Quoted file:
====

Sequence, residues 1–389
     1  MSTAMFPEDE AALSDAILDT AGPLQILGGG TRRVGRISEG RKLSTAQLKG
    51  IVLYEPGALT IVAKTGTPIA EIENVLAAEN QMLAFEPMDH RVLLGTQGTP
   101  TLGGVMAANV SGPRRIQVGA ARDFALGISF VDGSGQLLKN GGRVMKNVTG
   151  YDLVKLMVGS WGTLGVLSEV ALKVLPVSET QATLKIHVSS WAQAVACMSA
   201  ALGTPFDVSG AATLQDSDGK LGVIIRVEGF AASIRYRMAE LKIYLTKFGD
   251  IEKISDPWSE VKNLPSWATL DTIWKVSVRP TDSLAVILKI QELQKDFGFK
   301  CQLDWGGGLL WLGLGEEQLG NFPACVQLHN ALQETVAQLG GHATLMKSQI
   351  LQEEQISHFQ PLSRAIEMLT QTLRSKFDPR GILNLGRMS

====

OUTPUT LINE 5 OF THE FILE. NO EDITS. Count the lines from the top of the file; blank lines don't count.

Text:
   151  YDLVKLMVGS WGTLGVLSEV ALKVLPVSET QATLKIHVSS WAQAVACMSA